Churches in the Republic of Korea, the Democratic People’s Republic of Korean, the United States, and around the world have joined a campaign to call President Obama and Congress to enter negotiations now for a Korean peace treaty, without conditions, to replace the armistice agreement.

The Korean Peninsula has known separation and conflict since 1945. It is time, it is past time, for peace for Korea.

Sign the petition asking the U.S. government to enter negotiations for a peace treaty. Invite your friends to join you. Let’s give peace a chance.

 

 

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Time for an end after 60 years

IMG_2732 (533x800)On June 25, 1950, conflict broke out on the divided Korean Peninsula. North Korean troops crossed the 38th parallel, an artificial line of demarcation chosen by the winning superpowers after World War II, invading South Korea.

The police action, the Korean Conflict, the Korean War expanded to include forces from South Korea, North Korea, the United States, and the People’s Republic of China. Fifteen other countries provided combat troops to the United Nations Command, created by UN Security Council Resolution 83, recommending that members of the United Nations aid South Korea.  Several other countries provided humanitarian aid. The Soviet Union aided North Korea with advisers and  material assistance.

The fighting ranged up and down the Korean Peninsula with neither side gaining an advantage. The number of killed and wounded among combatants and non-combatants is disputed. CNN suggests that:

The toll of the war included about 1.2 million deaths in South Korea, 1 million deaths in North Korea, 36,500 deaths for U.S. troops and 600,000 deaths for Chinese soldiers.

After more than three years, an armistice was signed on July 27, 2013 – sixty years ago. This armistice was a truce, a ceasefire. A treaty ending the war has never been signed. Military commanders from the People’s Republic of China and North Korea signed the armistice with the US-led United Nations Command signing on behalf of the international community. South Korea did not sign.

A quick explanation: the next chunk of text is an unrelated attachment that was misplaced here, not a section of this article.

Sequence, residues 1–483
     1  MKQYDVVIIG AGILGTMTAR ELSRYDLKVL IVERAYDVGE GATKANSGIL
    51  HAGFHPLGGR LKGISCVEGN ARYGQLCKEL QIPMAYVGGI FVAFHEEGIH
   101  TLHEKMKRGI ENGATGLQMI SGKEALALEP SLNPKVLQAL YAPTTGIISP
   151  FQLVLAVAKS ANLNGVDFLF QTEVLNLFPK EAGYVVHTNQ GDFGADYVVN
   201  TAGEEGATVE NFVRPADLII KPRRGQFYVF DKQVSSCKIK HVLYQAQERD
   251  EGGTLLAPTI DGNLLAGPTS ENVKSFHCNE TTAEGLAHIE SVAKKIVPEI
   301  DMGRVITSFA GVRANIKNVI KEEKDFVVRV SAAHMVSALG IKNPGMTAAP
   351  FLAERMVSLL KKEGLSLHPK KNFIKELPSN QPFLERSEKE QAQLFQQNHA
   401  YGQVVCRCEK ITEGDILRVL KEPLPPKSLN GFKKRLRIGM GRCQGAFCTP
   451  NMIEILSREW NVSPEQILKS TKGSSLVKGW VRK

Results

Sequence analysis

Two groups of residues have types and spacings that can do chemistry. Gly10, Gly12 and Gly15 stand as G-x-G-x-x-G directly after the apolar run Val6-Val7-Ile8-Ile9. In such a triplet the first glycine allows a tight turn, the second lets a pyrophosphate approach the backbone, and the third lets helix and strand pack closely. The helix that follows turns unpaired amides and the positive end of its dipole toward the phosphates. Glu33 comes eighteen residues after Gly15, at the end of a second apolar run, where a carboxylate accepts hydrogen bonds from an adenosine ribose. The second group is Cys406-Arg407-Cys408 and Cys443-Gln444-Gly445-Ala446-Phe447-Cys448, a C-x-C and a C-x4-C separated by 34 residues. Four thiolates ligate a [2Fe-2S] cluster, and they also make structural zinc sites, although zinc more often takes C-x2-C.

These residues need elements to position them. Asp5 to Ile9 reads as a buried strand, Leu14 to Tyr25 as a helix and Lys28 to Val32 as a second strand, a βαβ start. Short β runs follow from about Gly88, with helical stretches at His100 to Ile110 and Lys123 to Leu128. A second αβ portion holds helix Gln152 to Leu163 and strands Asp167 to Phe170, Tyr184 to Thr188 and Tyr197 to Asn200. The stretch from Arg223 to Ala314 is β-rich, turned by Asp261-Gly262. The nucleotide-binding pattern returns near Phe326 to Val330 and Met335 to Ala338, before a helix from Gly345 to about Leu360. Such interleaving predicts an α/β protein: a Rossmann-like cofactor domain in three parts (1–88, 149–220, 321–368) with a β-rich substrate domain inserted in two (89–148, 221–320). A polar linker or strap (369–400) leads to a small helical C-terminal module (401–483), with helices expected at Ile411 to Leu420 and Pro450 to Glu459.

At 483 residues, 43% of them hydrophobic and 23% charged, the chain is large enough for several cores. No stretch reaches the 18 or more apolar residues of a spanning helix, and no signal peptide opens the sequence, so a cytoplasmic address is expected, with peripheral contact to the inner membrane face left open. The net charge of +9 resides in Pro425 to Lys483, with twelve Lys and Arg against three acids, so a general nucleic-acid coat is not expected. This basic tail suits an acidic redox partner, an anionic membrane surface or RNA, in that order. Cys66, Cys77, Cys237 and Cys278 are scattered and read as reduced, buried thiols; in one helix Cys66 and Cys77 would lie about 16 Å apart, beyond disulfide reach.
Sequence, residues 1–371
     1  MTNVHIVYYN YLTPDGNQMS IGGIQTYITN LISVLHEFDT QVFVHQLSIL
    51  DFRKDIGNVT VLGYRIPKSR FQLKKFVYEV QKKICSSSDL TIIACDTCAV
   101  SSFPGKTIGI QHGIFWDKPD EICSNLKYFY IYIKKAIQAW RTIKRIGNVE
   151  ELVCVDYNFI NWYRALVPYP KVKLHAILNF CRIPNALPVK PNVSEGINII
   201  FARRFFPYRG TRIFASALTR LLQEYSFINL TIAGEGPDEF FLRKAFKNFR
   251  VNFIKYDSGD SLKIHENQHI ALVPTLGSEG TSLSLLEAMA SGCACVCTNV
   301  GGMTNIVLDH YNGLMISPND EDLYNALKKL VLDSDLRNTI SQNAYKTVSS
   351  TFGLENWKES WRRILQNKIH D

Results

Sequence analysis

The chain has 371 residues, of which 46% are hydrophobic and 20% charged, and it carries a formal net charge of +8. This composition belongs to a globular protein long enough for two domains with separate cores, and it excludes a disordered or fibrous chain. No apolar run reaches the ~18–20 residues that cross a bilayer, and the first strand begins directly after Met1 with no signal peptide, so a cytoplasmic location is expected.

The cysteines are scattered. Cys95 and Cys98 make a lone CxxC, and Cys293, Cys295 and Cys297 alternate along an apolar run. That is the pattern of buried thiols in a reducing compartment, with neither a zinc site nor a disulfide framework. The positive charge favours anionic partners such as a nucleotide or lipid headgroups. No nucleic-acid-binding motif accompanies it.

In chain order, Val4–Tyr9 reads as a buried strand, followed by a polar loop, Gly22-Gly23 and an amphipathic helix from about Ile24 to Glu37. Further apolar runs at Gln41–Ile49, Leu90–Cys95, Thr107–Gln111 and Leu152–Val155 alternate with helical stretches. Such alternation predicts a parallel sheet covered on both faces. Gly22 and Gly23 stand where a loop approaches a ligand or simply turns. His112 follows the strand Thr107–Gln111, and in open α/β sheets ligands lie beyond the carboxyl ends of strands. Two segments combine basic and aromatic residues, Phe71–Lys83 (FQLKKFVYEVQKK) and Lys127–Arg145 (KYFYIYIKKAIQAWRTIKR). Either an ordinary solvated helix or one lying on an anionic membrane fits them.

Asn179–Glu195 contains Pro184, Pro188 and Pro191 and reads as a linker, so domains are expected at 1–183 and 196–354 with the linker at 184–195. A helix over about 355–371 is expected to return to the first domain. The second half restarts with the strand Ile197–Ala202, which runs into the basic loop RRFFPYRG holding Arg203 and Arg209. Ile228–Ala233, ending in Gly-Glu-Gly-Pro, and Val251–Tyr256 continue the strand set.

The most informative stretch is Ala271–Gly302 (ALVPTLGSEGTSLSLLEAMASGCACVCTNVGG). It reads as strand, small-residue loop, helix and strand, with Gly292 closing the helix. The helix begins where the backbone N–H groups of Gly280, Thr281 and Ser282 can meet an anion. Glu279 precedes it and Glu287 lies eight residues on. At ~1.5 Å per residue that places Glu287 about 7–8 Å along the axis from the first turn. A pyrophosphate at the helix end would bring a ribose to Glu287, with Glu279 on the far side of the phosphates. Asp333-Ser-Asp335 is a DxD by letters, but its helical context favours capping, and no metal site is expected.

The truce has generally held, but many of the people living on the Korean Peninsula want a true peace. They view such a peace as the an important step toward the end of the periodic tensions and confrontations that arise. In this anniversary year, efforts to seek such a peace are increasing.

The ecumenical community in the United States has created a Korean Peace Petition to send to the Obama Administration. The petition, which you can download and sign, encourages the administration to move toward a path to peace and reconciliation

The Presbyterian Church (U.S.A.) and the Presbyterian Church of Korea issued a Joint Statement on the Peace of the Korean Peninsula that called members and congregations to join in a Season of Prayer for peace in Korea. My friends Kurt Esslinger and Hyeyoung Lee serve as mission co-workers in South Korea. They have written a prayer for the Season of Peace that begins:

God of the universe, God of the nations,
The people of the Korean Peninsula are crying out,
They no longer wish to live in the shadow of war,
They no longer wish to have resources diverted from life toward death,
They no longer wish to live in fear of the next possible misjudgment in calculation and rhetoric,
They yearn for healing and truth,
You call us to be a people of light, of life, and of peace,
But we have stood silent as our country perpetuates the machinations of death, darkness, and war.
How long, O Lord, must the Korean people live in a state of war?

Check out the whole prayer. Use it. Use other prayers. Pray for the peace of Korean Peninsula.

See you along the Trail.

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Filed under Current Events, Presbyterian Church (U.S.A.), United Nations

A Joint Statement on the Peace of the Korean Peninsula